Saturday, February 07, 2015


I took a day off from work yesterday, traveled to Ann Arbor, and listened to a conversation with Justice Ruth Bader Ginsburg. Two law professors that were her former clerks asked questions. I was expecting a more casual conversation with her doing most of talking.  I was hoping for a meaty lecture from her. Instead, it felt more like a Q & A for a magazine.

I found some points of the program to be interesting. Although I knew gay marriage wasn't going to be discussed because the issue hasn't been brought up and settled by the court, I was wondering if there was some reading between the lines that could be done. She brought up a story where a man lost his wife while giving birth to their child. He applied for social security survivor benefits but found that he did not qualify because those benefits were meant for widows and not widowers. He brought a case and she said that some of the justices believed that this was discrimination against the woman (because it assumes something about the worth of a woman-her earnings did not provide benefits to her husband whereas a husband's earnings does provide benefits to his wife). Others believed it was a discrimination against the man. She then said that one of them, then Justice Rehnquist, said that the real injured party here was the child - who doesn't care whether the surviving parent is the woman or the man only that the care is provided. I suppose her larger point is that rather than deciding whether a law should be thrown out or upheld-because throwing out benefits would be disastrous-broadening "imperfect laws" to cover discriminated groups is preferable. So read into that what you will.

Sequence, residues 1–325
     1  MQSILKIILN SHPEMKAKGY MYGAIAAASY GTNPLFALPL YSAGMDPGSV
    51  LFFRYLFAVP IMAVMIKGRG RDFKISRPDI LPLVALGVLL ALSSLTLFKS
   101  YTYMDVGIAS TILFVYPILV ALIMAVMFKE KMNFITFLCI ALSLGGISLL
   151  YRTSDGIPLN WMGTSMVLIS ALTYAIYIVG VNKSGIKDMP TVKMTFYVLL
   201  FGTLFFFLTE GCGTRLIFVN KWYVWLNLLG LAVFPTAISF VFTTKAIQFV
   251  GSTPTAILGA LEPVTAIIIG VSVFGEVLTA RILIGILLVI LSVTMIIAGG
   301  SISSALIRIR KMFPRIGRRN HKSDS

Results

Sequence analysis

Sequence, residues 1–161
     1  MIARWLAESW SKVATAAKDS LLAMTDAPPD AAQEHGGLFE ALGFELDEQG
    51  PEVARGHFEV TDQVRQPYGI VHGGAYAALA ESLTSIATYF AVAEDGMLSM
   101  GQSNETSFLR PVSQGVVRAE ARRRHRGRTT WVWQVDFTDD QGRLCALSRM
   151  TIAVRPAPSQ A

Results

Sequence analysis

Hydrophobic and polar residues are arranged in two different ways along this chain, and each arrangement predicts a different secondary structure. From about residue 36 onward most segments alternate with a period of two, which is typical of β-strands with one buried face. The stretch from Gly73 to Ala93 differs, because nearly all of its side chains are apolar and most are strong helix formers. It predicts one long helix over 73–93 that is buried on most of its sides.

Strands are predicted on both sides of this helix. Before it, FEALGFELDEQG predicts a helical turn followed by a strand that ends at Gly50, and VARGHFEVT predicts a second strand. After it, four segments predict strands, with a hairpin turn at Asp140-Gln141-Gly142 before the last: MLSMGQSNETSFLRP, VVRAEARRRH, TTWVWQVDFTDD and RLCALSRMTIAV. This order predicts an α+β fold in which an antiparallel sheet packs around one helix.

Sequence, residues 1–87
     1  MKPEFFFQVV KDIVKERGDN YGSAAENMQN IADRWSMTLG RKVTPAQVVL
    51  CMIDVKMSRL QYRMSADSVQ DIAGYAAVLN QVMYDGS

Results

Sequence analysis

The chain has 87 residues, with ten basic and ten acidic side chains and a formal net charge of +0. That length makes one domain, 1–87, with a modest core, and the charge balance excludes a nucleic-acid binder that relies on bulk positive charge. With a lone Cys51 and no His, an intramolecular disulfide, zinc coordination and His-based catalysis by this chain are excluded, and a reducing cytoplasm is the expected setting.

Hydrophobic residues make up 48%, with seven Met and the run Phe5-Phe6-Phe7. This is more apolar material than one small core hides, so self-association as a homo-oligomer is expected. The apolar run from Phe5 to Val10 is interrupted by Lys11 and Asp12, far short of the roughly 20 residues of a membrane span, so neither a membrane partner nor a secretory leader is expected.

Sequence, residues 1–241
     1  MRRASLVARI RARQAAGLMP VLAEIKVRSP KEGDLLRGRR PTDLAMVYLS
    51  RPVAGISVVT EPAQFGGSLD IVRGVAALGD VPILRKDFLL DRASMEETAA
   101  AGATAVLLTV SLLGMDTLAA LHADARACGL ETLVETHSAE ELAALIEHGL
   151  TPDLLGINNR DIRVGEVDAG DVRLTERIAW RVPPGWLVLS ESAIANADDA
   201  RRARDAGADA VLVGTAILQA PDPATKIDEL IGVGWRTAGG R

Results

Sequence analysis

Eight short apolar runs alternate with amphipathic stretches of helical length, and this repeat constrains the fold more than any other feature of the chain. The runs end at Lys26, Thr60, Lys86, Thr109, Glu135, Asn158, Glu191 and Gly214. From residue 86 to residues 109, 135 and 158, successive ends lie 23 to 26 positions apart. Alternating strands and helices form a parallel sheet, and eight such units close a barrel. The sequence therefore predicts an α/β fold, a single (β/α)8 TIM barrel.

She had some more light-hearted moments when she talked about her being known as The Notorious RBG. She also seemed delighted that there is an opera about about her and fellow Justice Scalia. 

The real big kick that I got out of was that she embraced being known for her dissents as well as her confidence that her dissents will one day be the prevailing view and or law. Her example was the Ledbetter case where a woman was suing her employer after finding out that her pay was lower than her male coworkers that were in the similar roles. The court said that she had to file within 180 of the discriminatory action--but this had been going on for years and she didn't know. Ginsburg was of the mind that the discriminatory action happened with every paycheck that she Ledbetter got. Although she wasn't in with the majority of the court, Congress then passed a law in which the 180-day requirement resets with every paycheck.

Unfortunately, the talk was only about an hour and a half. I enjoyed it so much and I could have listened for far longer.

Oh, one observation about the audience was that I got the sense that they were real fans of Ginsburg and were not so keen on Justice Scalia. They were well aware that Ginsburg and Scalia seem to be opposite poles on the court. I wondered how aware they were that those two are actually good friends.


john said...

HIya....glad to see you are posting again.

David said...

Hey John. Yes, I am trying to get back into the swing of it.